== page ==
Mark Landau, Ph.D.

Mark Landau, Ph.D.

Mark Landau

Mark J. Landau is an Associate Professor at the University of Kansas. He received his doctorate from the University of Arizona in 2007. Dr. Landau has published many articles and chapters on metaphor's influence on social cognition and behavior as well as the role of existential motives in diverse aspects of social behavior. He has been funded by the National Science Foundation and the National Institute of Mental Health.


Investigator,
Assistant Professor,
College of Liberal Arts and Sciences


Ph.D. Social Psychology, University of Arizona

Contact Information

Phone:
785-864-4131
Fax:
785-864-5696

Research Interests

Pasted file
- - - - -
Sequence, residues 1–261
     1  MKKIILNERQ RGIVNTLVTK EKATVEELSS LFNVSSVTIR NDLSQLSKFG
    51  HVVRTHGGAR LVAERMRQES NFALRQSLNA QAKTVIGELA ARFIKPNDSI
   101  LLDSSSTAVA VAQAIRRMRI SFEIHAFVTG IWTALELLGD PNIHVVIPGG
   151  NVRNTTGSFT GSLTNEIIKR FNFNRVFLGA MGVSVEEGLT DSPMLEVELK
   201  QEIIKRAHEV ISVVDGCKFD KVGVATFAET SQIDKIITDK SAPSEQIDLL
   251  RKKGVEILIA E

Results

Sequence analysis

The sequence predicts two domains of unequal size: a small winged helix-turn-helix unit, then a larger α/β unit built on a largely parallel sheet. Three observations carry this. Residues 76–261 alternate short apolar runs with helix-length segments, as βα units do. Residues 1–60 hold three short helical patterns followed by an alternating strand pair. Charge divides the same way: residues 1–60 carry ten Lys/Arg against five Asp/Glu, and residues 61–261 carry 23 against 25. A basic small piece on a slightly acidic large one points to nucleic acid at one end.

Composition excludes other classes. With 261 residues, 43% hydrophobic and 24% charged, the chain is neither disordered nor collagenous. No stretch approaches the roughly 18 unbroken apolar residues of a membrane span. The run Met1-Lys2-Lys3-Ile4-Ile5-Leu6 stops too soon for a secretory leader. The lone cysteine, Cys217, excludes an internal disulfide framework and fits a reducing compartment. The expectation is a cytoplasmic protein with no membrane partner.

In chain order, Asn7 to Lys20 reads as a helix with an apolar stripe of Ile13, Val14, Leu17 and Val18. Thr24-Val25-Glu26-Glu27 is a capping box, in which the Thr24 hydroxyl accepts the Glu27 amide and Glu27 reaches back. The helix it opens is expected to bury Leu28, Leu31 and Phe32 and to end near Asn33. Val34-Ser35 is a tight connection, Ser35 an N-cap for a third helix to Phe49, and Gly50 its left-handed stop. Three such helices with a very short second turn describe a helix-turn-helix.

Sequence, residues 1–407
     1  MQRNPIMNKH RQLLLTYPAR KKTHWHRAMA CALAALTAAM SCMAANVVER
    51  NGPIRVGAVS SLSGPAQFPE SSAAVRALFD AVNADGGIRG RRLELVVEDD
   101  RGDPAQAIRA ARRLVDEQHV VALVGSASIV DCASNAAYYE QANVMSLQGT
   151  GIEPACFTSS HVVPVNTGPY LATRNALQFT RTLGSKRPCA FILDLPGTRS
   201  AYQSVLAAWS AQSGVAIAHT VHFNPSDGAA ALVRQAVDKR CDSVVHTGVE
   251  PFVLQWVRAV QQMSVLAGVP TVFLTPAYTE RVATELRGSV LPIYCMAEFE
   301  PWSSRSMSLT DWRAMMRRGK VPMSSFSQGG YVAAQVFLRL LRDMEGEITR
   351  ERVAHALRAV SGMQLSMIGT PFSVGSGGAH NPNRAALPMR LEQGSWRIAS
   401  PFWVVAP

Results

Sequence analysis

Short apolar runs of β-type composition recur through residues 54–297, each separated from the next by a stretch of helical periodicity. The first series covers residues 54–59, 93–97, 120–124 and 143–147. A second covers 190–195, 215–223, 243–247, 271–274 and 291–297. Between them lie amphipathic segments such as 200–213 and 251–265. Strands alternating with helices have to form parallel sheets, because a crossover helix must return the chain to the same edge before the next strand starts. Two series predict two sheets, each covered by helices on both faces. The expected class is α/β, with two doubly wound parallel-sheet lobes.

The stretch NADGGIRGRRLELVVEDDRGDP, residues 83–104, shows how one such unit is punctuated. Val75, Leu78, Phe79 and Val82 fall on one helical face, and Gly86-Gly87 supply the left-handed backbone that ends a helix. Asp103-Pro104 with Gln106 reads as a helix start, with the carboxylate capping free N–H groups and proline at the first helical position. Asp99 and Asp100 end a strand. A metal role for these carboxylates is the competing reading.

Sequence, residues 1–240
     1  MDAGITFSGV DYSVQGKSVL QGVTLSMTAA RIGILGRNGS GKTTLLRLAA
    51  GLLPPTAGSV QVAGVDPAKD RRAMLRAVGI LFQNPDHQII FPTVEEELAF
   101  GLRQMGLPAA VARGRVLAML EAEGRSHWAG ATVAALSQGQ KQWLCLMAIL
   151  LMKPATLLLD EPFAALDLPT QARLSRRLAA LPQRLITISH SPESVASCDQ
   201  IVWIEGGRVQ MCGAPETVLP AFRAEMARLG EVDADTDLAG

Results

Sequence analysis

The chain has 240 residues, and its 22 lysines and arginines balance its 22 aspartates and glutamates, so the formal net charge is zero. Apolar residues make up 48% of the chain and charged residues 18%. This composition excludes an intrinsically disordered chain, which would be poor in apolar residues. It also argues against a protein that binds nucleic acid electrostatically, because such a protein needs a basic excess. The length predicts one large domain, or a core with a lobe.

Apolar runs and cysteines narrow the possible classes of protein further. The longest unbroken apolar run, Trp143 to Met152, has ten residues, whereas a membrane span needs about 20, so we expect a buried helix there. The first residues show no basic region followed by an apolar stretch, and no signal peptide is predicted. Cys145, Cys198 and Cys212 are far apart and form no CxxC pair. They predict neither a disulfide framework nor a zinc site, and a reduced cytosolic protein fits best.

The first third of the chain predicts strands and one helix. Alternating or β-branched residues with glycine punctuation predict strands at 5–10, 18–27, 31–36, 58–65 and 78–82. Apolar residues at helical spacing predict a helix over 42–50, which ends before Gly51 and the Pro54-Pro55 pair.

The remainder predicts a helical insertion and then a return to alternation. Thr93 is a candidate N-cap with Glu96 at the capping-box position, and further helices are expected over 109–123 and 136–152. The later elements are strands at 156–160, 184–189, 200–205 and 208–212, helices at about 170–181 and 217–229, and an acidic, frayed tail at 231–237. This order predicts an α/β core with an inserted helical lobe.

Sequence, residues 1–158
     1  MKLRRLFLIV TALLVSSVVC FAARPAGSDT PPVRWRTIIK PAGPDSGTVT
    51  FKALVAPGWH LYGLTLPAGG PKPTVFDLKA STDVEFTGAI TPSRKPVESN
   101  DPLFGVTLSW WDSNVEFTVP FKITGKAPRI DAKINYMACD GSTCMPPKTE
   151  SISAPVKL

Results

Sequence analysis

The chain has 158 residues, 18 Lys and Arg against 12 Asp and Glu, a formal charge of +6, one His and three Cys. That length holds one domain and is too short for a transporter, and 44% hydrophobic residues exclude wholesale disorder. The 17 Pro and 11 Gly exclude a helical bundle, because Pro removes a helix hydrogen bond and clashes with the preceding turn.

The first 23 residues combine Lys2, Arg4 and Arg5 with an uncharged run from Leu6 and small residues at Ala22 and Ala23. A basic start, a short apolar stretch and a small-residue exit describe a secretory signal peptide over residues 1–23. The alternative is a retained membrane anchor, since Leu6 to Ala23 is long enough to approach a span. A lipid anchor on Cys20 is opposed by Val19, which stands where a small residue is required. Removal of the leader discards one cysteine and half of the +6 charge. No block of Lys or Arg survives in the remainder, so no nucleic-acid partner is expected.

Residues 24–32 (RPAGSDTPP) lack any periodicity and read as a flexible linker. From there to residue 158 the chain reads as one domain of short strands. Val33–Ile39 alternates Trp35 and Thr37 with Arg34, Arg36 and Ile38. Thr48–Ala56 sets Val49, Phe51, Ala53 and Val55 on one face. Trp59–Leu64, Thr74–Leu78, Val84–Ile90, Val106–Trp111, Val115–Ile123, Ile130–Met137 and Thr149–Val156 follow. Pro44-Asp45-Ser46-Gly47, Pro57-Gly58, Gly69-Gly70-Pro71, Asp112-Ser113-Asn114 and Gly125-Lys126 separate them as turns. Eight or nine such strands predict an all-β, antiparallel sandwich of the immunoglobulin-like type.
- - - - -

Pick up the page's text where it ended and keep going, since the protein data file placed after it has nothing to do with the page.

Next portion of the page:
Mark Landau is an Assistant Professor who joined the Psychology Department at the University of Kansas after receiving his degree from the University of Arizona. He is currently pursuing two lines of research within the fields of social and cognitive psychology. One focuses on the cognitive mechanisms through which people make meaningful sense of themselves and their social world. Using conceptual metaphor theory as a framework, he investigates how people use metaphors at a basic conceptual level (and not "merely" a linguistic level) to understand abstract aspects of their social world (e.g., authenticity) in terms of dissimilar, relatively more concrete concepts (e.g., physical expansion), as well the consequences of metaphoric cognition for people's social attitudes, behavior, and functioning. The second line of research focuses on the psychological roots of human motivation. Inspired by perspectives in existential psychology, he investigates the role of deep-seated existential concerns (e.g., with mortality) in people's efforts to construct and maintain meaningful conceptions of the social world and their own lives, and the impact of existential motivations on social attitudes and achievement. Please feel free to contact Dr. Landau if you would like more information about these lines of research, or if you would like to participate in them as a graduate student or research assistant.

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